Is it possible to convert a system program owned account which has sol and other spl tokens in it to a custom program owned account and still retain all the items the account previously had?

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It's possible, but you may see some unexpected behavior. Let's say you have an account A, which is currently owned by the system program, and also is marked as the owner of a few SPL token accounts.

If you assign account A to some other program, then that program will be able to change its data and move its SOL, per the normal Solana ownership model: https://docs.solana.com/developing/programming-model/accounts#ownership-and-assignment-to-programs

However, the private key for A will still be able to authorize transfers of the SPL tokens that it owns, and not the program it is assigned to. This is because the SPL token program just looks for a signature from the owner, and it's still possible to generate valid signatures for A.

To properly solve this problem, you should move everything to be owned by program-derived addresses: https://docs.solana.com/developing/programming-model/calling-between-programs#program-derived-addresses -- this way, only the program can "sign" for the assets.

  • I have a discord based wallet system which stores wallet pk’s nd ties them to users which is not really web3 thing to do. Now I want to create a custom program and assign accounts to users under that program. But the problem is being in discord, people can’t sign tx’s with their wallet which will require them to go to external link and I really don’t want that. What would be the best way to provide users an account under the custom program to use and still keep it secure from being accessed anyone other than that person? And without storing anything sensitive in local db? Commented Jan 3 at 22:39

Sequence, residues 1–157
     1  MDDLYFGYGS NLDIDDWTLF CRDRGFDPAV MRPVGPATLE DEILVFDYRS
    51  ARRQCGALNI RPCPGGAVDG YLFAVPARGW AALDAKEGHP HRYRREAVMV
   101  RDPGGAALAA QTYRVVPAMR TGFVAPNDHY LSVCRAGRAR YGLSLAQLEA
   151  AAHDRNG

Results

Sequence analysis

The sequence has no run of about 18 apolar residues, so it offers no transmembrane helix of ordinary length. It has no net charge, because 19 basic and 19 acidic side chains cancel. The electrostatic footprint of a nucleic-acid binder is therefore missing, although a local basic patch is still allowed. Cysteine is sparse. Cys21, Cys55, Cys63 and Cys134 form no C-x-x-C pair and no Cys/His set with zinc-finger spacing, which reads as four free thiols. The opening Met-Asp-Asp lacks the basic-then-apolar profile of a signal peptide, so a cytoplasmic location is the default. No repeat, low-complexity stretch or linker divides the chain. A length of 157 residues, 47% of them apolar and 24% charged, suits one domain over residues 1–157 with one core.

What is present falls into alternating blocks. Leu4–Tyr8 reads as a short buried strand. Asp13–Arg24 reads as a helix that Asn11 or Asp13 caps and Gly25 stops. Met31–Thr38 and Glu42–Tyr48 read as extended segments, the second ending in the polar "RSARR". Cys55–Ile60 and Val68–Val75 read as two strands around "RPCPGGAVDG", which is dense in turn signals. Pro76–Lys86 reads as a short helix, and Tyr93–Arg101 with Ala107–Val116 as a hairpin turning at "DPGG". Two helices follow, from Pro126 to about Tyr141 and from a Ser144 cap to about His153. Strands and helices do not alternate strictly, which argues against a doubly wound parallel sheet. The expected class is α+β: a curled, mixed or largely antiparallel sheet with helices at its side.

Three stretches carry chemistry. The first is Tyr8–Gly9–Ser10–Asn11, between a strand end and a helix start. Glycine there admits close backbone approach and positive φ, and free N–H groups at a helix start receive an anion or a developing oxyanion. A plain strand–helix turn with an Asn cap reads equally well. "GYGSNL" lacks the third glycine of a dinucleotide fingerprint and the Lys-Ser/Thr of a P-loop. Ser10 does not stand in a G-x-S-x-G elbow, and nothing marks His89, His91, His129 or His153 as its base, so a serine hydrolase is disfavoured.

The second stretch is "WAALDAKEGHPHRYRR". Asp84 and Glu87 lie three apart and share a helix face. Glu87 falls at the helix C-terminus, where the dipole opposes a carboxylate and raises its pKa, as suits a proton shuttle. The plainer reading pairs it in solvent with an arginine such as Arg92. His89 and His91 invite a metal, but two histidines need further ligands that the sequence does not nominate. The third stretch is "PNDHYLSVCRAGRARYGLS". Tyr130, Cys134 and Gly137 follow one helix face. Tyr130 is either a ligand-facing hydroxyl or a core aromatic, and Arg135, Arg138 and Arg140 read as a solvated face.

• If you want to validate user actions, you have two main options: they sign transactions themselves, which requires them to store the private key on their side, or you need to have an external authentication service for them to access. In the second case, you'd be managing their funds, which might cause regulatory issues depending on your jurisdiction. If you can find a way to go with the first way, through self-custody, then you can provide a more web3-style experience. All that to say: it's a hard problem!
    – Jon C
    Commented Jan 4 at 12:35

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